1 February 2018 Susannah

Robert Louis Stevenson & Requiem

R.L. Stevenson grave

Requiem by Robert Louis Stevenson

Under the wide and starry sky
Dig the grave and let me lie:
Glad did I live and gladly die,
And I laid me down with a will.

This be the verse you ‘grave for me:
Here he lies where he long’d to be;
Home is the sailor, home from the sea,
And the hunter home from the hill.

Robert Louis Stevenson

Robert Louis Stevenson

I have always loved this wonderfully peaceful poem. Stevenson was an atheist, but sees death as a return home when life’s journey is done. He pictures death as serene and restful.

Stevenson wrote this poem four years before he died. He was living in Samoa and had long been aware that with his very poor health, death could come at any time. It did come very suddenly. He was preparing a salad on the veranda, when he clutched his head and fell to the ground. Probably he died from a cerebral haemorrhage, although he’d always thought it would be lung problems that would kill him.

The set rhyme scheme adds emphasis to the idea of an orderly progression from life to death. The word ‘wide’ in the first line makes us think of all the limitless possibilities of life. Stevenson is acknowledging the beauty of nature that, one day, he will no longer be there to enjoy. He states that he is content with dying, accepting that death must follow life. The metaphors about the sailor and the hunter make the poem general to many people, not just a personal comment by the poet. Home is an important concept to all of us – the homes we find in life, and what home there might be for us in death. Stevenson was a long way from his home in Scotland – he had found homes in France, England, USA and Samoa, but his heart never really left Scotland and many of his heroes seek homes in Stevenson’s books. Requiem is a tender, beautiful poem, relevant to us all.

Stevenson was buried at the top of Mt Vaea in Samoa. It was because of this poem that I made the arduous climb to the top of the mountain – a deeply moving literary pilgrimage. The last three lines of the poem are inscribed on Stevenson’s tomb.

You might be interested to know that you can actually stay in one of R.L. Stevenson’s homes. The house he grew up in Edinburgh operates as a B & B. I’ve had dinner there and know that it would be a truly amazing place to stay. It’s in Edinburgh’s Georgian New Town, is filled with R.L. Stevenson books and memorabilia, and the hosts are gorgeous people. Check it out and add it to your bucket list: Stevenson House

Here is a virtual movie of R.L. Stevenson reading his own epitaph:

Share your thoughts on this poem by leaving a comment.

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Featured image credit- R.L. Stevenson grave in Samoa, from Public Domain
Body image credit- Robert Louis Stevenson, Public Domain, https://commons.wikimedia.org/w/index.php?curid=12038926

Comments (12)

  1. Miland

    I wonder about Stevenson being an atheist, yet being quite willing to let go of life. Perhaps with many atheists it is a case of the heart having reasons of which the mind knows nothing, something subconscious?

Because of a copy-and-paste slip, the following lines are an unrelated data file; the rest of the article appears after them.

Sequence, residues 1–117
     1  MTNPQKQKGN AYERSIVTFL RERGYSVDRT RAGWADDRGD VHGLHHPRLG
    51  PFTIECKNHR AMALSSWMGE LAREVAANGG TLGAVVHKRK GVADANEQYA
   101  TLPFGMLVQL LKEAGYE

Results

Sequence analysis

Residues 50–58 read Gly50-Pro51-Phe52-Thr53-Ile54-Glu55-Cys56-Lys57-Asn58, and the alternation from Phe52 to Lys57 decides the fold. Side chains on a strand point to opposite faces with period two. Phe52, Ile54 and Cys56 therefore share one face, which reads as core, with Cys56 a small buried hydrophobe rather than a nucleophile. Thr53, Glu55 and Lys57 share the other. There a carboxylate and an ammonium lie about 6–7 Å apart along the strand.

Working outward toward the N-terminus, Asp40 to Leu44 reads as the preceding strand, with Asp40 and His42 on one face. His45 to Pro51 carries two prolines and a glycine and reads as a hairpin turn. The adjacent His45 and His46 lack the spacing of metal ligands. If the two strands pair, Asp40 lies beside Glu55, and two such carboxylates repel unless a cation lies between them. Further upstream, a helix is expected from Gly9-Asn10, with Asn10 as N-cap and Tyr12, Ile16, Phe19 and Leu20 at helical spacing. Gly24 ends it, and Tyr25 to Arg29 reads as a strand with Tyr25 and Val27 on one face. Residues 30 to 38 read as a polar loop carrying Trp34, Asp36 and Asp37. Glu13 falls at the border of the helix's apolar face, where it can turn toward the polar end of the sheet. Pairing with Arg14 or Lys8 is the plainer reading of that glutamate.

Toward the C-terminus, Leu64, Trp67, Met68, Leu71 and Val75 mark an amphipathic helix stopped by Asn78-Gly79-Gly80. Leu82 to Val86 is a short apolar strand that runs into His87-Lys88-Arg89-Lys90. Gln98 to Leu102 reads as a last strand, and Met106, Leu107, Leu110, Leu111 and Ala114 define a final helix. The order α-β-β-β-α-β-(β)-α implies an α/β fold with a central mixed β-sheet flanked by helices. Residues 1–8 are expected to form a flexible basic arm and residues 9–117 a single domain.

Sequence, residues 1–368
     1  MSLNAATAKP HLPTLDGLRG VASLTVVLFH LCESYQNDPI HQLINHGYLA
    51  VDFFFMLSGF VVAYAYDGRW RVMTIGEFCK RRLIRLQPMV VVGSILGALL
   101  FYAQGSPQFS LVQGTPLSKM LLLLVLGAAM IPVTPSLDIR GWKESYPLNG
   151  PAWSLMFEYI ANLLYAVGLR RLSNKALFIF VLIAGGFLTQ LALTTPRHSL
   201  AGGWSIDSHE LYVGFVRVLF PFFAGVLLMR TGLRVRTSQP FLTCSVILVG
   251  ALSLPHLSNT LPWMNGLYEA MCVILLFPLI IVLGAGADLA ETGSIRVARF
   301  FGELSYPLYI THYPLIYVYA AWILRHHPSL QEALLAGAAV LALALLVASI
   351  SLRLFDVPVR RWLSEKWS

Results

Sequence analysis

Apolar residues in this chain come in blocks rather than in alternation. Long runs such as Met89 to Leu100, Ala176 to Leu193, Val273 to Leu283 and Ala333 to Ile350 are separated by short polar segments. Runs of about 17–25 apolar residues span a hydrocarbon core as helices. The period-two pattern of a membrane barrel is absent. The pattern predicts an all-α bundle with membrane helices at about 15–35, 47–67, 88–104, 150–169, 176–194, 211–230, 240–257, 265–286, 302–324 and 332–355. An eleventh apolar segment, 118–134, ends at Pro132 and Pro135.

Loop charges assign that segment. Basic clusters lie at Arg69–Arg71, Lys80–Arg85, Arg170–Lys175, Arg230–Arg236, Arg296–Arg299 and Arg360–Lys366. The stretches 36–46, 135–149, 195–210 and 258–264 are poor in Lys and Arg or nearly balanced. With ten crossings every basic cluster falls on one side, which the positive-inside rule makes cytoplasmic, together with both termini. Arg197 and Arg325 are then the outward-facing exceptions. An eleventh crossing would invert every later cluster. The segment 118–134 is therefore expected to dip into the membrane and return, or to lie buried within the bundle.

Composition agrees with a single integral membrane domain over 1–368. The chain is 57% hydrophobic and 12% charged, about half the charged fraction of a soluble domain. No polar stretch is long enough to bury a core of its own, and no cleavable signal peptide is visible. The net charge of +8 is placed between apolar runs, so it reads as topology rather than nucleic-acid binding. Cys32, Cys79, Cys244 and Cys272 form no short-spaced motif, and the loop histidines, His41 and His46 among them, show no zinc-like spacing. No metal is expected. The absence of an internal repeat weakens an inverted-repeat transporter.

• Susannah Fullerton

      I think we atheists feel that if you have lived a good life, been loved and have loved, and have left some sort of legacy behind you, then letting go is not difficult. You do not have to believe in some sort of afterlife to be able to die with dignity or even without regret.

  2. Carol

    My mother taught me that poem when I was very young. Edinburgh was our birthplace and my mother worked just around the corner from his home. It was lovely to hear Robert Louis Stevenson’s voice reciting his poem. It is a pity that sometimes the last lines are misquoted.

    • Susannah Fullerton

      You come from one of my favourite cities in the world and I know just where RLS’s birthplace is. I am glad you also love the poem.

  3. Anna

    Just beautiful, thank you Susanna. I have never seen this one either, just so poignant, thank you

  4. Thanks, a great poem and story. Last year I published a compilation about death. One contributor chose Stevenson’s haunting 4 verse poem “Where go the Boats?” It expressed his (ie the contributor) understanding of death, especially in the final verse, how the time will come when we will hand our hopes and dreams onto future generations.
    “…Away down the river
    A hundred miles or more
    Other little children
    Shall bring my boats ashore.”

    • Susannah Fullerton

      It is a wonderful poem, isn’t it. In Edinburgh I’ve been walking by the stream, the Water of Leith, where RLS played with his paper boats as a boy and of course I thought of those lines.

  5. Karen Holt

    I fell in love with his poetry as a child, but have never come across this one. So beautiful it pit a lump in my throat, tears in my eyes, and a wistful smile on my face.

    • Susannah Fullerton

      Oh Karen, you have made my day. I love that poem so much and am so glad you loved it too.

    • Susannah Fullerton

      Oh you lucky woman! I have dined there, which was amazing, but never stayed there and so am turning green with envy!

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